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Account of the Scholarly Exhibition at the Centre of Ceramic Studies, Cardiff


Claire Curneen Exhibited Works cont.

The insertion of items through the boundary of the body’s surface may suggest interiority but corporeality is attributed only within the construct of the figures’ religious narrative. They are too delicate, too frail to be of mortal flesh. They embody the divine. The only hint at any self–determination is given on occasions where the tips of their fingers have been dipped in gold, demonstrating that they have touched their wounds and responded to their fate. The body in Curneen’s work, the skin in particular, prompts more metaphoric than biological consideration, understanding the skin as, what Serres terms, a milieu, a place onto which we project our identities, societal, gendered and cultural thoughts2.

Composition for Spill   Composition for Spill
Composition for Spill, ceramic work
completed 2005
approx.14 cm, porcelain and gold lustre
  Composition for Spill, ceramic work
completed 2005,
approx 14cm, porcelain and gold lustre

The titles and reference to Catholic martyrs and Saints encourage us to traverse between material and spiritual interpretation3. In ‘Crown’, for example, ceramic’s alchemic properties, its transformation from liquid to solid through evaporation and firing, can be seen in reference to aspects of transubstantiation. The clay conveys bodily conditions of blood and flesh and at the same time finds connection to a wholly other value system through their material worth as porcelain and gold. Our understanding of Curneen’s work is conditioned by this transference of properties, the projection of states from one reality to another. The wider beliefs of Catholicism extend the figures’ individual narratives. The assertion that the corporeal body is in itself incomplete, merely a temporal materialization of a larger, all encompassing whole, in God, renders their body already broken, fragmented before their wounds. The belief that the bread and wine of communion, becomes, rather than merely symbolizes the blood and body of Christ, affirms this perception of altered corporality, that through the act of swallowing, our body is, albeit temporarily or in part, bought closer to completion, returning and finding absolution.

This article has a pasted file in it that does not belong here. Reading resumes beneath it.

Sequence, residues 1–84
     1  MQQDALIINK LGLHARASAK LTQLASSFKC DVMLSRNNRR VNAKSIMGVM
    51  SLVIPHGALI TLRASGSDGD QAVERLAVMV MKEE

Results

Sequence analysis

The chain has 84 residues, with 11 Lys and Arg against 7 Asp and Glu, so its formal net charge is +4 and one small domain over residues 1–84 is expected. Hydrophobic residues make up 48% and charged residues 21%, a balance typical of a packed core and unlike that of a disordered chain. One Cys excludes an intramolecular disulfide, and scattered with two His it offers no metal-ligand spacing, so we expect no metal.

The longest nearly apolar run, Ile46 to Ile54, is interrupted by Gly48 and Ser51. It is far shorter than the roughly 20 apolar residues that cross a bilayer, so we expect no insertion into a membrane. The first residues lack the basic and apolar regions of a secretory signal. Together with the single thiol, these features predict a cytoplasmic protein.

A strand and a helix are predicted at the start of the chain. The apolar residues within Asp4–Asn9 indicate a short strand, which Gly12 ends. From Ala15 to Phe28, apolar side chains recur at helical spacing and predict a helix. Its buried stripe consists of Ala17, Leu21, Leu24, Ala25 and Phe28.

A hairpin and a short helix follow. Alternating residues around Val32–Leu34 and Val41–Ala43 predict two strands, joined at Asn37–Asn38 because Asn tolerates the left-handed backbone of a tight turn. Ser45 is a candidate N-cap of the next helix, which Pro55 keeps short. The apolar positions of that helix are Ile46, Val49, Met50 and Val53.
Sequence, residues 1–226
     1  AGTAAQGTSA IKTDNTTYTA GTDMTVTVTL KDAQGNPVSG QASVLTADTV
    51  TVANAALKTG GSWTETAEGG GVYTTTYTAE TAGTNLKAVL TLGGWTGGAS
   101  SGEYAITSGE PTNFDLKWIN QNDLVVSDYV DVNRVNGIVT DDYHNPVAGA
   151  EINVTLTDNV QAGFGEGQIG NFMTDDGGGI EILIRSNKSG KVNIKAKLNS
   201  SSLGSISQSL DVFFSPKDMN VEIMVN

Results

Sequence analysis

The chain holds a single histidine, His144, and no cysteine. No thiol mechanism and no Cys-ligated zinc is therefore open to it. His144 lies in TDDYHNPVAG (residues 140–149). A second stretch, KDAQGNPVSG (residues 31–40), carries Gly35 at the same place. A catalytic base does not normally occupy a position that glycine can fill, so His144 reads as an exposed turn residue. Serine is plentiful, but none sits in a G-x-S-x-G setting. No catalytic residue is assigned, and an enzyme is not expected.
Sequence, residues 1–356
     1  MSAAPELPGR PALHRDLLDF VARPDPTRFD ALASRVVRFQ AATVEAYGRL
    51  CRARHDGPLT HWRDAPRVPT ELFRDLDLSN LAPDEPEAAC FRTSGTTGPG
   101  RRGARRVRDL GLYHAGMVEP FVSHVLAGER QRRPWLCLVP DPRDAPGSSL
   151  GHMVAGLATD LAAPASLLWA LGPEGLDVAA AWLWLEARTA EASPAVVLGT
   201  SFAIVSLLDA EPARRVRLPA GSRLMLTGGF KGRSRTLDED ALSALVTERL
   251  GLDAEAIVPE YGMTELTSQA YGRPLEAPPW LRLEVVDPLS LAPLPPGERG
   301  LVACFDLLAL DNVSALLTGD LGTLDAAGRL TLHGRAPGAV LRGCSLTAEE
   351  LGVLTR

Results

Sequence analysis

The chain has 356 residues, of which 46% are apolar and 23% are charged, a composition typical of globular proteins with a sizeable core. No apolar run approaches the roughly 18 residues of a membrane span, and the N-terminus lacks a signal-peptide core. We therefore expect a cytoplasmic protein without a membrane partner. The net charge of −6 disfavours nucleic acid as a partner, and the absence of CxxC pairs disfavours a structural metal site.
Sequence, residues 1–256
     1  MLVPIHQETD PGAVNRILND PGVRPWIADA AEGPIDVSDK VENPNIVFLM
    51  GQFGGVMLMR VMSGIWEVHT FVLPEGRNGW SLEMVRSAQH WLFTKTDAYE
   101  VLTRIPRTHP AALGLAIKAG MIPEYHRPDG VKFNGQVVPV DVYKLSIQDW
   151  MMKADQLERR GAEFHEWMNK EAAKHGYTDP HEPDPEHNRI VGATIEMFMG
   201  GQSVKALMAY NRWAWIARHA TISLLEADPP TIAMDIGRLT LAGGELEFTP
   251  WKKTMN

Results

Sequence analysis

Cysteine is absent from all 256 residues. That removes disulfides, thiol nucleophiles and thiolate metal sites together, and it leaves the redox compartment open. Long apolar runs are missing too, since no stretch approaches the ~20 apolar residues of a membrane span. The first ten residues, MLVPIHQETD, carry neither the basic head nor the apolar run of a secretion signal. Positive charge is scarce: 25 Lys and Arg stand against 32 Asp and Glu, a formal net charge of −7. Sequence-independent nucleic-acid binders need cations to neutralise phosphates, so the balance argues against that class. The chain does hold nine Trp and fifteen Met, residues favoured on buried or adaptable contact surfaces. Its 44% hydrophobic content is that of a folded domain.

2. Serres, M., Les Cinq Sens, Paris 1998, p. 59 back to text

3. For a more comprehensive account of Catholic and other Martyrs see J., Foxe, Foxe's Book of Martyrs, ed., W. B. Fobush, Whitaker House, 1981back to text

Artist Statement >


Sketchbook imagery, 2005

Sketchbook imagery, 2005
detailing Christ's descent from the cross

Composition for Crown

Composition for Crown, ceramic work completed 2005, approx. 30cm, porcelain and gold lustre


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